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Let $\mathbb{F}$ be a finite field. Let $A\le \mbox{Mat}_n(\mathbb{F})$ be a matrix algebra.

Is there a good bound on the number $k$ of random elements $a_1,\dots,a_k\in A$ that one needs to take such that, with high probability, the algebra generated by $a_1,\dots,a_k$ is $A$? What if $A$ is generated by a group of matrices?

I am interested in a bound that applies to all such $A$.

Taking $k=O(n^2)$ will provide a set that spans $A$ as a vector space. Would less than that suffice?

Comment: This is related to this question.

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  • $\begingroup$ Sorry, misread your question; please ignore my previous comment [now deleted] $\endgroup$ – Yemon Choi May 11 '15 at 19:26
  • $\begingroup$ Presumably, for a simple algebra, the answer is $O(1),$ whereas for a direct sum of $M_2$s you need at least $O(n)$ (probably $O(n \log n).$ $\endgroup$ – Igor Rivin May 11 '15 at 19:48
  • $\begingroup$ The initial question dealt with arbitrary subalgebras $A$ of $\mbox{Mat}_n(\mathbb{F})$, and was answered below by Will Sawin. $\endgroup$ – Boaz Tsaban May 11 '15 at 21:02
  • $\begingroup$ Why not post a new, refined question, rather than making a substantial change to the question that invalidates the answers? $\endgroup$ – user13113 May 12 '15 at 0:19
  • $\begingroup$ @Hurkyl: I agree. Thus, I edited the question accordingly. Notice that the refined version is also solved below, so no problem this time. $\endgroup$ – Boaz Tsaban May 12 '15 at 1:34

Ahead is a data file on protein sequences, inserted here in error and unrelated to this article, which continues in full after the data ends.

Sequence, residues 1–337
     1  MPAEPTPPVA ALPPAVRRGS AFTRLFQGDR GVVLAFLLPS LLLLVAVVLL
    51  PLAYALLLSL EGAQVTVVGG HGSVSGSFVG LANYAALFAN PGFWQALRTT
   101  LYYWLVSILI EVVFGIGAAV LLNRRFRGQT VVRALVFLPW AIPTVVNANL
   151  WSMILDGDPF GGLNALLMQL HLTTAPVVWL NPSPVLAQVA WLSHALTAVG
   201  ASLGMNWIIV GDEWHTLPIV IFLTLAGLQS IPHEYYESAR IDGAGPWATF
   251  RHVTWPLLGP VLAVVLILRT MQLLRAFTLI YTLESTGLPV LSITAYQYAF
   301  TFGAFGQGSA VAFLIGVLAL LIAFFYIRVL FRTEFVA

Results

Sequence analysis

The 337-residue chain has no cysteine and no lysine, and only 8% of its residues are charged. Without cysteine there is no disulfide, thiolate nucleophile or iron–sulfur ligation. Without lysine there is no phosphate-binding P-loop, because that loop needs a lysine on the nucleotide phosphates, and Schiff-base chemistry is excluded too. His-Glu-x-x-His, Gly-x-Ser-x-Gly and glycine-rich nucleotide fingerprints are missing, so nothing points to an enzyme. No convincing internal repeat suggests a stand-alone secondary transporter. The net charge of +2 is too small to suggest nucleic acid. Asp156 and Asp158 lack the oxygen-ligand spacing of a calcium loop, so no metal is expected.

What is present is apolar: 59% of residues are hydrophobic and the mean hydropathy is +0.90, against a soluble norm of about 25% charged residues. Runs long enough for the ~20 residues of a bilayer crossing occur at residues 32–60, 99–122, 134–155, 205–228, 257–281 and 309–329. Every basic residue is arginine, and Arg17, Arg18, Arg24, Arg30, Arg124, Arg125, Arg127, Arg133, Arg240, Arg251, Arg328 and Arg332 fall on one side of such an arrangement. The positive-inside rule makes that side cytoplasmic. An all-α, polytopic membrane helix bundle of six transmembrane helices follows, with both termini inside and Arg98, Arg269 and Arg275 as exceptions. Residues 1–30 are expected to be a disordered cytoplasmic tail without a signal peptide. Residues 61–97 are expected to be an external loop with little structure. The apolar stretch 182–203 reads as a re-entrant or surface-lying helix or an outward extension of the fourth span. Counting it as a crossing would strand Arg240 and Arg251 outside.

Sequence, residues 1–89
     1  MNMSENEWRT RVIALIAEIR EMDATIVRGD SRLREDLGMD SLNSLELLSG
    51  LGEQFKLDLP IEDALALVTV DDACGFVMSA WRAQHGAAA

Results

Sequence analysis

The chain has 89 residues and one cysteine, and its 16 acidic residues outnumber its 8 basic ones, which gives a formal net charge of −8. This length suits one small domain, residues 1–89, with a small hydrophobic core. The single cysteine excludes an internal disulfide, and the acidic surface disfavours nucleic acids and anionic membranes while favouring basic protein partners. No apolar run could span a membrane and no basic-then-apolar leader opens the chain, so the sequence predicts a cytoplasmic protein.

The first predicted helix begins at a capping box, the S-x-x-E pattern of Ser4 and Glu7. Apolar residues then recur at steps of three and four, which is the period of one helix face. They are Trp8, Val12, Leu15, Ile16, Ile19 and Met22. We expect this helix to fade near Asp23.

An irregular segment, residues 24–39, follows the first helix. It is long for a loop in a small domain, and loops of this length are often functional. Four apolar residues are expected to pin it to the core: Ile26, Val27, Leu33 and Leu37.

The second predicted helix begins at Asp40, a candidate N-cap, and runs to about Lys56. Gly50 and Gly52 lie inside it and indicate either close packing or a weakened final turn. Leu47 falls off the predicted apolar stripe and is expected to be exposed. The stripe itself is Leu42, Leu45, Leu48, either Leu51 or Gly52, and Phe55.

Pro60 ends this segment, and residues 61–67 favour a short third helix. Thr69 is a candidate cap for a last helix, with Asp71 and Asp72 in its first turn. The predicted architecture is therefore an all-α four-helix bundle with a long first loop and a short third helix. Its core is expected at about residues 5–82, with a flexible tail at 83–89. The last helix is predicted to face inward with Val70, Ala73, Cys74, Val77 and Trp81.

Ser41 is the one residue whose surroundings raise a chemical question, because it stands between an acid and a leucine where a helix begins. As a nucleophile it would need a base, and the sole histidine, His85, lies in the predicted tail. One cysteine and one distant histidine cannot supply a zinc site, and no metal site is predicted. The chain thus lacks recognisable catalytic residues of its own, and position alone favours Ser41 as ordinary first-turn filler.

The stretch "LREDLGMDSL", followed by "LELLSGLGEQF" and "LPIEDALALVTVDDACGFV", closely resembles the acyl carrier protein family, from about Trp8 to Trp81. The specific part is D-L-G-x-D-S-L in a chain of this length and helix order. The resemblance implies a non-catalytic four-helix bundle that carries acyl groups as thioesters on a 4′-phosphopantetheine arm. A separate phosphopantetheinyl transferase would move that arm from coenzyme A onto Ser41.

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At least $n^2/4$. Divide $n \times n$ matrices into four $n/2 \times n/2$ blocks, and consider the subalgebra of matrices that are zero outside the upper right block. Then because the product of any two elements is zero, your elements generate as an algebra if and only if they generate as a vector space. So you need at least $n^2/4$.

On the other hand, clearly $n^2+ c$ elements suffice for any algebra for a small constant $c$.

Your use of big $O$ notation suggests that the constant doesn't matter. If it does, then I'd guess $n^2/4$ is optimal, as this algebra is a worst-case algebra in many respects - e.g. it is the abelian subalgebra of the largest dimension.

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    $\begingroup$ And, if "algebra" means "containing the identity" for the OP, then just take the span of Will's example together with the identity matrix. $\endgroup$ – David E Speyer May 11 '15 at 20:20
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    $\begingroup$ @BoazTsaban My algebra, with David Speyer's modification, is spanned by a group. Indeed the set of matrices that are equal to the identity plus one of the elements of my original algebra are a group. $\endgroup$ – Will Sawin May 11 '15 at 21:08

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